Another excellent example is compact fluorescent lamps, CFLs, which contain elemental mercury, a neurotoxin. This was a great example of an energy efficient product using toxic constituents. HHW programs stepped up to manage the CFLs as a new waste stream and prevented improper disposal. As we now know, Light Emitting Diode (LED) lamps are a better alternative for lighting, which do not contain mercury. So, LEDs help prevent the toxic loading of the waste stream and reduce the burden on HHW programs.
HHW Corner: What is the most significant change or trend that you have seen in HHW?
Debbie: The most significant evolution in HHW is the increase in the idea of producer/shared responsibility. When I started in 1993, all the responsibility was on the local city and county government to collect and manage HHW. No one else was
leaning in or stepping in to say, “let me help.” Nor were there any mandates on other parties to help the local government HHW efforts. We have not decreased the need for HHW collections, but we have expanded the force. We now have both local government and private sector HHW “firefighters” working together.
For example, both the paint and pharmaceutical industries are required to participate in HHW collection and disposal/recycling in California. We may soon have the packaging industry start helping with their end-of-life product management. This is very encouraging.
HHW Corner: Tell us a bit about San Francisco’s HHW program.
Debbie: Our HHW offerings have continued to expand from our permanent HHW collection facility, to home collection, to satellite collection and retail collection elements. It’s pretty easy to do the right thing if you are in San Francisco. So, our ongoing focus is on education and getting hazardous products out of commerce.
HHW Corner: How do you see HHW in relationship to other environmental initiatives?
Debbie: The presence of products that contain hazardous materials has become a significant issue in what the Europeans like to call the “circular economy”. Circularity is directly related to climate change because a primary strategy to reduce carbon emissions is to reduce the resources and energy needed to make products. Reuse and recycling reduces the resource and energy demand for products.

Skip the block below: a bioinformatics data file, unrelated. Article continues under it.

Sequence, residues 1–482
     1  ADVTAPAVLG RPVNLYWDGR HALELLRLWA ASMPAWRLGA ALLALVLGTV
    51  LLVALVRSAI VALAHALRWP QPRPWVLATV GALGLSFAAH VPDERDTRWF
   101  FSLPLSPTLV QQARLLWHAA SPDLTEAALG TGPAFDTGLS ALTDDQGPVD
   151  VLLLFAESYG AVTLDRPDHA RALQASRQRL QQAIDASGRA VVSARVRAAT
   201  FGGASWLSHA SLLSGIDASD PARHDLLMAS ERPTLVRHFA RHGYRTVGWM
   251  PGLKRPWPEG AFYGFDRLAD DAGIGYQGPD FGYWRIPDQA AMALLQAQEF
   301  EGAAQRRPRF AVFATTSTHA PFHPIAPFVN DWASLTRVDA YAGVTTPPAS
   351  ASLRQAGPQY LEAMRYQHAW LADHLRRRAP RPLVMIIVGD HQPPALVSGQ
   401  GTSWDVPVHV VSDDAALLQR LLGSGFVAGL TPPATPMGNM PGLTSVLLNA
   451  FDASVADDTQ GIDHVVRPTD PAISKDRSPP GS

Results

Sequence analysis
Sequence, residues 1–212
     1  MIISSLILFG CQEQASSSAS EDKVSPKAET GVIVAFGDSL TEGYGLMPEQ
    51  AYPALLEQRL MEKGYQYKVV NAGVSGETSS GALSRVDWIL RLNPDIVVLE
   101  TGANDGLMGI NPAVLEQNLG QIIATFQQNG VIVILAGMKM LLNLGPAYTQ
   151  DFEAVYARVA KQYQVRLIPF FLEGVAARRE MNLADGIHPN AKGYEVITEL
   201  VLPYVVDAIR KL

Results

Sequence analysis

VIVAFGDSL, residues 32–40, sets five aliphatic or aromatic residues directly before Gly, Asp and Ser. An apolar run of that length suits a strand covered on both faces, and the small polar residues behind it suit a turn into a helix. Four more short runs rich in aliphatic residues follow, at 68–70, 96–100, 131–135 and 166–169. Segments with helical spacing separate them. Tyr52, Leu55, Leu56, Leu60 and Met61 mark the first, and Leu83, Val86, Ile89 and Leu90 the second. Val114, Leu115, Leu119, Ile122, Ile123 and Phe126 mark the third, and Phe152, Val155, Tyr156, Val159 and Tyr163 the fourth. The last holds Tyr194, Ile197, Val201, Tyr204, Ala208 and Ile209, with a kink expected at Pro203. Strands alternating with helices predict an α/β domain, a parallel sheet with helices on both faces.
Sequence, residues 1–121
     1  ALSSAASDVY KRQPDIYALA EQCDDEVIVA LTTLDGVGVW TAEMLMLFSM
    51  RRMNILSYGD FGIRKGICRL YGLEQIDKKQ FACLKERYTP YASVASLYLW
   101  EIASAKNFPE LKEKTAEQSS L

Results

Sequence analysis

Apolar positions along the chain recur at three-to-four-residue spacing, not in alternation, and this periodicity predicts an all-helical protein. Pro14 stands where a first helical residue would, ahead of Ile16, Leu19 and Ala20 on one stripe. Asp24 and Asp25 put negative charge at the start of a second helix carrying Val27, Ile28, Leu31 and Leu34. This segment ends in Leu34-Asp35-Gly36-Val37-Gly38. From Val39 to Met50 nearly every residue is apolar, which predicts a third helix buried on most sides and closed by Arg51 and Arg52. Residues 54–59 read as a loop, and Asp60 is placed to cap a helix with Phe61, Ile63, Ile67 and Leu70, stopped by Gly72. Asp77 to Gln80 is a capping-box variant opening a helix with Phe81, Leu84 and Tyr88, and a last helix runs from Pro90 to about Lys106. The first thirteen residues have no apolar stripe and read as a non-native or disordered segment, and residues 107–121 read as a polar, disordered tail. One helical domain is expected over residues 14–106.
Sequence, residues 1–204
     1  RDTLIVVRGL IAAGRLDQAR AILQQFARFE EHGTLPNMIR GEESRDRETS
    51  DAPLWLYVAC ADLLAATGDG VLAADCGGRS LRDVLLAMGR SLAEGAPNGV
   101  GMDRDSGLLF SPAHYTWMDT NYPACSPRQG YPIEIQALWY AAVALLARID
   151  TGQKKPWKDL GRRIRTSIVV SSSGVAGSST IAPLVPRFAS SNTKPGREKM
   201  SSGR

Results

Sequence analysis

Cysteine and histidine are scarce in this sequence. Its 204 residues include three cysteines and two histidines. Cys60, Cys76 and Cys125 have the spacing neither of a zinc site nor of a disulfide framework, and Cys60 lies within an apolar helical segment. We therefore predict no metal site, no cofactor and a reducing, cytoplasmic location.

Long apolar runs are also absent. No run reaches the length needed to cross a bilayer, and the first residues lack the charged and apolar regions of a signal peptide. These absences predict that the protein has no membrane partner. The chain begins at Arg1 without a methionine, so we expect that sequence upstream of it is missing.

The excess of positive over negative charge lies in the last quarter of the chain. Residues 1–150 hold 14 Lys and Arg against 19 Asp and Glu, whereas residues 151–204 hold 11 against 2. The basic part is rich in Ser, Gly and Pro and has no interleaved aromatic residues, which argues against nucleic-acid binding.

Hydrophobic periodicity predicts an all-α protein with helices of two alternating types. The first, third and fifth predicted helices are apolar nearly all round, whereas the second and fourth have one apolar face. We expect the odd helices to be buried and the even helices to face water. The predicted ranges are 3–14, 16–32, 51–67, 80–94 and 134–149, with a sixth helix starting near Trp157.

In commerce, if you want to minimize the use of non-renewable resources and promote reducing waste and recycling materials back into the economy, any products contaminated with toxic chemicals become a barrier to those goals and put a strain on the circular economy. To enhance circularity, you need to remove toxic chemicals from the design of products, at the point of manufacture, and keep toxic chemicals from contaminating the recycling stream.
In the past, HHW programs were promoted to protect human health and the environment through collection activities. Now, eliminating the barriers to implementing a circular economy is of critical importance to help address climate change and represents a key role for HHW programs. HHW programs keep toxic materials from contaminating landfills and recycling streams as well as help push private sector actors to design safer alternative products without undue reliance on toxic chemicals. | WA
David Nightingale, CHMM, S.C., is Principal at Special Waste Associates (Olympia, WA), a company that assists communities in developing or improving HHW and VSQG collection infrastructure and operations. They have visited more than 150 operating HHW collection facilities in North America. As a specialty consulting firm, Special Waste Associates works directly for program sponsors providing independent design review for new or upgrading facilities—from concept through final drawings to create safer, more efficient and cost-effective collection infrastructures. Special Waste Associates also published the book, HHW Collection Facility Design Guide. David can be reached at (360) 491-2190 or e-mail [email protected].
1993 – 1999: Santa Monica HHW
1999 – 2011: San Francisco Department of the Environment
2011 – 2015: CA Department of Toxic Substances Control, Director
2015 – Now: San Francisco Department of the Environment, Director